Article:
The film paints the picture of a self-absorbed, eccentric oddball... a bit arrogant and presumptuous (like when he grabs a lowly chambermaid and makes her listen to one of his records as a sort of reward for her day's work). The Glenn Gould character always speaks in a supercilious New England tone of voice (think Frazier but without the jokes). He says phrases like "never the twain shall meet". If you're like me, you might have a healthy mistrust of people who say "twain" unless they're talking about Huck Finn. Maybe you can guess the problem: unless you're already convinced that Glenn Gould is god's gift to Carnegie Hall, the film offers no motivation to like him.

This could have been EASILY remedied by showing a performance to earn the audience's respect. It could have been an archival clip, or even a semi-convincing pantomime by the actor playing Gould if done convincingly would have made me take the character more seriously. But we never get that. So the result is a whole bunch of people telling us how great he is, including the Diva himself. It gets irritating.

I feel like the real Glenn Gould was cheated. Here is a film, purportedly in honor of a great musician, which never shows him being a musician. Instead we get a lot of ponderous scenes of (the actor playing) Glenn as he walks across frozen lakes, or sits in a chair unmoving with an intense expression on his face, or waving his arms dramatically in the air while listening to the playback of one of his recordings. People around him are made to look like simpletons for not being on the same supernatural level as Gould. They chatter about coffee or gardening while the maestro slips further away into a lofty dreamworld that we mortals cannot dare understand. The entire film thus takes a very condescending air, telling us that Gould was a misunderstood genius yet not offering to show us what exactly was genius about him.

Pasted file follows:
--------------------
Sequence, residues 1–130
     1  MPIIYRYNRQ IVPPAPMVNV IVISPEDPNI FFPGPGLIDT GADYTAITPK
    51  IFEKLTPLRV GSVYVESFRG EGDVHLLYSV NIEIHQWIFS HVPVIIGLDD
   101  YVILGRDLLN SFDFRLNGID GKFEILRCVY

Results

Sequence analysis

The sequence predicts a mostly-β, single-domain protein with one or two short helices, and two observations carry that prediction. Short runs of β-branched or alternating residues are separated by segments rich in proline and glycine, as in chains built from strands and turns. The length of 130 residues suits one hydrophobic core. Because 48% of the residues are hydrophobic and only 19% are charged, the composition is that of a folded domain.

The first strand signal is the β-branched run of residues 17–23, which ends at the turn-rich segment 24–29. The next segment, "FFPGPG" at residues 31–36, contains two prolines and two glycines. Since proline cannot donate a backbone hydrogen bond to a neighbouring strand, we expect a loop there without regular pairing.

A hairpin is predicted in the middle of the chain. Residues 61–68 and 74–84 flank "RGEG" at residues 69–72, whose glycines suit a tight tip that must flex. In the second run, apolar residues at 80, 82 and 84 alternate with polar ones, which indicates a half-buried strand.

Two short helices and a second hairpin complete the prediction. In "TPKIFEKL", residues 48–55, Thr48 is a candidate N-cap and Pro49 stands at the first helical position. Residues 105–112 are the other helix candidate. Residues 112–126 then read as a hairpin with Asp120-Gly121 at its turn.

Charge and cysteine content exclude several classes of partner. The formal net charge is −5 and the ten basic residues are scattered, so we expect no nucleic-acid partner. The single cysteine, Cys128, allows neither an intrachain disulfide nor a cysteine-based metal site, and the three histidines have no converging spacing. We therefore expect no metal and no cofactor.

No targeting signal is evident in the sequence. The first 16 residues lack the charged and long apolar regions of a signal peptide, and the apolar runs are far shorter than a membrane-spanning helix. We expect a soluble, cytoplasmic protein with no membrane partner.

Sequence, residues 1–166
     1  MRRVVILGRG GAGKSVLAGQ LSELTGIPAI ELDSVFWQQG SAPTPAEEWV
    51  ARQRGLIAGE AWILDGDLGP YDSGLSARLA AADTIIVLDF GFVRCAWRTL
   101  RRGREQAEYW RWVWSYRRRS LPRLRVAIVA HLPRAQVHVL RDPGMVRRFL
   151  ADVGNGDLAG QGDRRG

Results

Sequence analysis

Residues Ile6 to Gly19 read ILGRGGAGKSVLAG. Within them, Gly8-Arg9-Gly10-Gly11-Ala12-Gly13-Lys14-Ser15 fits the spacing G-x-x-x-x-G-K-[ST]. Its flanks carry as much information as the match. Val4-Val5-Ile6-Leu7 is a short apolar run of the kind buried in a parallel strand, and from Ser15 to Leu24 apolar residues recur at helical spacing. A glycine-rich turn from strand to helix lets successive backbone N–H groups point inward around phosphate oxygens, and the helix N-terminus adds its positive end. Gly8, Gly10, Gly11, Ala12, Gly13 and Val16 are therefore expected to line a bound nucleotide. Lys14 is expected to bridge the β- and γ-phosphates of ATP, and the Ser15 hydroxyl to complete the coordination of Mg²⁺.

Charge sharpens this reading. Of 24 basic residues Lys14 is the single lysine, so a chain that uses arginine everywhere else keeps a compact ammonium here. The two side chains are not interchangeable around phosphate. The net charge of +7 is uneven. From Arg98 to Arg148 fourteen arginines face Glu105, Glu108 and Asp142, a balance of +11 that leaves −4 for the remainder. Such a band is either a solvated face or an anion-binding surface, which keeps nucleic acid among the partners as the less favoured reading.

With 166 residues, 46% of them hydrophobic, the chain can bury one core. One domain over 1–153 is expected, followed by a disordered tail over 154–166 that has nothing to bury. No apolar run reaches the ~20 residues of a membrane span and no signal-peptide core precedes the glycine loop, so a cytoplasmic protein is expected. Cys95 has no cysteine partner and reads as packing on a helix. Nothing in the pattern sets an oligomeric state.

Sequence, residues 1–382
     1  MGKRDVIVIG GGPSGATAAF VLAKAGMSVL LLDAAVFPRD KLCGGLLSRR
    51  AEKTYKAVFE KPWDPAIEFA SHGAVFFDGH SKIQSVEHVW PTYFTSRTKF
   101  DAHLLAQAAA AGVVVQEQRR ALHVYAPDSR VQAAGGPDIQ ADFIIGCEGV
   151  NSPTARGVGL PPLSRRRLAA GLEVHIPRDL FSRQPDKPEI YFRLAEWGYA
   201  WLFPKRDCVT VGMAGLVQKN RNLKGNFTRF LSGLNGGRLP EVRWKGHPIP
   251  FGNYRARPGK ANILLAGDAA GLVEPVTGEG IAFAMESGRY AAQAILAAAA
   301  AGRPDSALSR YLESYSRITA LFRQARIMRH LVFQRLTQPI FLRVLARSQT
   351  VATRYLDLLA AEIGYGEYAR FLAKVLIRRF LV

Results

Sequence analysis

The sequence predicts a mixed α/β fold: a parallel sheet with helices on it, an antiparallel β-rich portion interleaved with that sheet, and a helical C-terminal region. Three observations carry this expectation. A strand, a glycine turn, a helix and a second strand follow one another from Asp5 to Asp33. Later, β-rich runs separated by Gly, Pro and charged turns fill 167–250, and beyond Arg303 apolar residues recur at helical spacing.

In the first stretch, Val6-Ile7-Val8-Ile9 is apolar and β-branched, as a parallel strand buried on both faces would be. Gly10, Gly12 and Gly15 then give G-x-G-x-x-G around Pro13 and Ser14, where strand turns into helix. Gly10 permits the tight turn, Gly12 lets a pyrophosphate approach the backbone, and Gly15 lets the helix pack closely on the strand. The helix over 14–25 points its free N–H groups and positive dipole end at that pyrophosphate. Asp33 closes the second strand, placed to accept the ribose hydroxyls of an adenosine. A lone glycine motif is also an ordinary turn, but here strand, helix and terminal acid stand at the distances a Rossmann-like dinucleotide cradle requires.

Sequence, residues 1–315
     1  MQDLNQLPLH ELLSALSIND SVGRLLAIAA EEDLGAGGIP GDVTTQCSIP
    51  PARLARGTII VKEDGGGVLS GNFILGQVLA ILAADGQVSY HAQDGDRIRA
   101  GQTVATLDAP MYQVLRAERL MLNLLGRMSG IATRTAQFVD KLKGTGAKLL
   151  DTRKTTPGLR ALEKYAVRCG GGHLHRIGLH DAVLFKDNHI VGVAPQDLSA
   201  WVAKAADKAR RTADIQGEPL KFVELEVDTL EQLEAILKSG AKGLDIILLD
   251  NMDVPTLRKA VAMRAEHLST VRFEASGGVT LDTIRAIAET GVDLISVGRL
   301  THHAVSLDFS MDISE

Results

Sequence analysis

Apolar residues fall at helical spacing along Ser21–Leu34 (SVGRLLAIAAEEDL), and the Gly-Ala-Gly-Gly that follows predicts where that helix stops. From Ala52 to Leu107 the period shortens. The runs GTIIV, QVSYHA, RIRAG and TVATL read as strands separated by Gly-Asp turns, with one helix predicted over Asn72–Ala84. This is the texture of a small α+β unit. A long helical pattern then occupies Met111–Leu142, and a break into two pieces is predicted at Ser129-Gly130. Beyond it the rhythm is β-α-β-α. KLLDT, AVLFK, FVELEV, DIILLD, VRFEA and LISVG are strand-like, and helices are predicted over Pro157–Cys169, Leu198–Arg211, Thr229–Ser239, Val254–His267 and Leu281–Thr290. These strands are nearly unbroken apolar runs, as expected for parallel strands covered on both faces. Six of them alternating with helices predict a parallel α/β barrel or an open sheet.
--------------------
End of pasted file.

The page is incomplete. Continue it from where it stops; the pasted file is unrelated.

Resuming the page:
I read that the actor playing Glenn chose not to be shown playing the piano out of respect for Mr. Gould. Could someone please explain that to me? It's OK to act like someone being a goofy oddball dancing to invisible pianos in his head, but it's somehow disrespectful to portray him actually playing one?

I was not familiar with Glenn Gould before I watched this, and 90 minutes later I'm still completely clueless. Even worse, I'm not particularly inclined to learn more. I believe this film is great for people who are already fans of Gould, or perhaps casual fans of classical music as a whole. Me, I'm a hardcore classical music fan who never happened to hear Glenn Gould (there are so many amazing musicians out there, it happens).

If I were to list the best musical documentaries & biopics I've seen, they would be "Standing in the Shadows of Motown" about the unsung studio musicians who made it happen, "Anvil! The Story of Anvil" a hilarious and heartfelt documentary about a bunch of aging rockers who never say die, and of course the masterpiece "Amadeus" which, like this film, shows the maestro as an arrogant oddball, but it shows powerful musical performances which instantly earn our respect and interest. Really, just one lousy performance would've made all the difference, but alas I can't say this movie impressed me.